This is the third post in a blog series focused on improving nitrogen (N) use efficiency in California small grains. This post discusses two hand-held devices that indicate plant N levels in small grains to help optimize fertilizer decisions. The tools help determine plant vigor by measuring light reflected from the whole plant canopy or absorbed by a single leaf. Comparing measurements made in and immediately outside of N rich zones in representative areas of the field helps determine if the crop is likely to respond to more N fertilizer. The plant N levels indicated by the hand-held devices complement other important information, which are...
- Author: Michelle Leinfelder-Miles
- Author: Nick Clark
- Author: Sarah Light
- Author: Konrad Mathesius
This is our second in a series of blog posts on improving nitrogen (N) use efficiency in California small grains. This post focuses on the use of N-rich reference zones to assess in-season N status and make management decisions based on crop need. Our goal is to help growers and consultants learn how to use N-rich zones to improve small grain N fertilizer use efficiency and reduce negative environmental outcomes. To demonstrate what we know about this practice across the small grain growing regions of the state, our team has helped growers establish N-rich zones in their fields across a wide range of soil and climatic conditions. These demonstration sites are in the Sacramento Valley, Delta Region, San Joaquin Valley, and the...
Measuring soil nitrogen (N) prior to fertilizing can improve N fertilizer management. The soil nitrate quick test is a simple and low-cost test. It provides a ballpark estimate of the soil nitrate-N concentration in the rootzone. Nitrate is a highly plant-available form of nitrogen. Using the soil nitrate quick test when N fertilizer decisions are being made will help define a range of fertilizer rates appropriate for that field. This can provide several benefits. These include improved N use efficiency, lower input costs, improved grain yield or grain protein, and reduced N loss to the air or below the crop rootzone.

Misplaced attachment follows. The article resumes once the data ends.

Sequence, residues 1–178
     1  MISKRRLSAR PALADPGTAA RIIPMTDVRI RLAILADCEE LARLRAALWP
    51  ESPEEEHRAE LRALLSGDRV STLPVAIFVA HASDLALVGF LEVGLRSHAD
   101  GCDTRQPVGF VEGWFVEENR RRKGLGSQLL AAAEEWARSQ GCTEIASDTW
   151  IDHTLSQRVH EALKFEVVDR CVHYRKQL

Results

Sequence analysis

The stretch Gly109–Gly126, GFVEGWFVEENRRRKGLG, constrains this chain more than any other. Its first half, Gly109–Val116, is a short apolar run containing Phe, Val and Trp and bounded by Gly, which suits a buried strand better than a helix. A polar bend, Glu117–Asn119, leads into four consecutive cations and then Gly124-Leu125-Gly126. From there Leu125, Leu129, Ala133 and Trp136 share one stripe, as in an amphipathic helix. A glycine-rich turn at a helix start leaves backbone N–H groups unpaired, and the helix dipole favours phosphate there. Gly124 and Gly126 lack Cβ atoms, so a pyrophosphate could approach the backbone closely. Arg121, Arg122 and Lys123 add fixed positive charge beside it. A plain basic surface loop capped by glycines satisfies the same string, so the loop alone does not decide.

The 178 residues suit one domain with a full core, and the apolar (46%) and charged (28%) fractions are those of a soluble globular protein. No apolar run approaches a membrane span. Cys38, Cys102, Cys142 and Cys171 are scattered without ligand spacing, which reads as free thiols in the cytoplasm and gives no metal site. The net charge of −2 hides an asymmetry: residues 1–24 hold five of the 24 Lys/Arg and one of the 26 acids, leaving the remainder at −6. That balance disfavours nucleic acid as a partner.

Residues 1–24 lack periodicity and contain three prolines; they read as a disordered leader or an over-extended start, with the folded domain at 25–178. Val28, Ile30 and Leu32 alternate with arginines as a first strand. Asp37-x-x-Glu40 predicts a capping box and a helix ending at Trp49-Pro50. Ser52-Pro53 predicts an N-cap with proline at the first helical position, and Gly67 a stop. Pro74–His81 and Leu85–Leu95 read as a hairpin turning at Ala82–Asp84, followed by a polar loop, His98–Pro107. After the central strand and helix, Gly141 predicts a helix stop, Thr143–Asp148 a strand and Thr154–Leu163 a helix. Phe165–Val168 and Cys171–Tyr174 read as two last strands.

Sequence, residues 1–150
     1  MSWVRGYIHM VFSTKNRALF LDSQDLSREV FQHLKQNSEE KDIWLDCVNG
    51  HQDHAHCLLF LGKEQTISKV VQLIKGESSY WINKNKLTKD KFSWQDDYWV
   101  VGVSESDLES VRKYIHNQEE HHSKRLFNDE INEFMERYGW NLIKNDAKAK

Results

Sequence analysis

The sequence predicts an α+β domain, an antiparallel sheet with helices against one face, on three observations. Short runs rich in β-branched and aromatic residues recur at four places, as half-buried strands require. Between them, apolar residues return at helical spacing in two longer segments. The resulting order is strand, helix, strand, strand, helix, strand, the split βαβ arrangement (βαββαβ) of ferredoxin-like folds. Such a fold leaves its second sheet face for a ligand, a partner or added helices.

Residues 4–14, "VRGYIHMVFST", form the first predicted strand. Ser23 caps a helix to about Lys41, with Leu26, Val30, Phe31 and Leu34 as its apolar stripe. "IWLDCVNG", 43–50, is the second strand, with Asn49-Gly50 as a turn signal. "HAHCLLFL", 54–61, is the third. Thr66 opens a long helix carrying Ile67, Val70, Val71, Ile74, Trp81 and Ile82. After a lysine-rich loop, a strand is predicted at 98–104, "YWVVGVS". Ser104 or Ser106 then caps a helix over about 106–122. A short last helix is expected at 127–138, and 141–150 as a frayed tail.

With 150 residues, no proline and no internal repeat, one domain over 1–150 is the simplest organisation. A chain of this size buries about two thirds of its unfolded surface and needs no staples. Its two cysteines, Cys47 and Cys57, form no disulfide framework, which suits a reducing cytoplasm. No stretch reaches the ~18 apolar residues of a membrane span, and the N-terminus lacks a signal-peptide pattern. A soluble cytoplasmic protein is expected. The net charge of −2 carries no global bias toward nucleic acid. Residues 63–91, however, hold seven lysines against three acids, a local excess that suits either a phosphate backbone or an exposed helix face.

- Author: Sarah Light
We hope you can join us for our field day! Agenda and directions are below. Contact Sarah Light with questions: firstname.lastname@example.org ~ 530-822-7515.
Wheat Field Day
Colusa County, CA
Tuesday March 12th, 2019 ~ 8:30-11:00am
8:30 am Registration
- Author: Mark Lundy
After a relatively dry start to the rainfall season from October through early November, rainfall in California since November has been above average. About halfway through the rainy season, year-to-date precipitation totals are approximately 20-30% greater than the 10-year average in the small grain growing regions of California (Figure 1).
Growing degree days (GDD: 86F max; 45F min) for common wheat and other small grains have been accumulating more rapidly than the 10-year average since the middle of November (Figure 2), which has been primarily a function of warmer than average night-time temperatures (Figure 3).
The UC Small Grain Testing Program established small grain variety...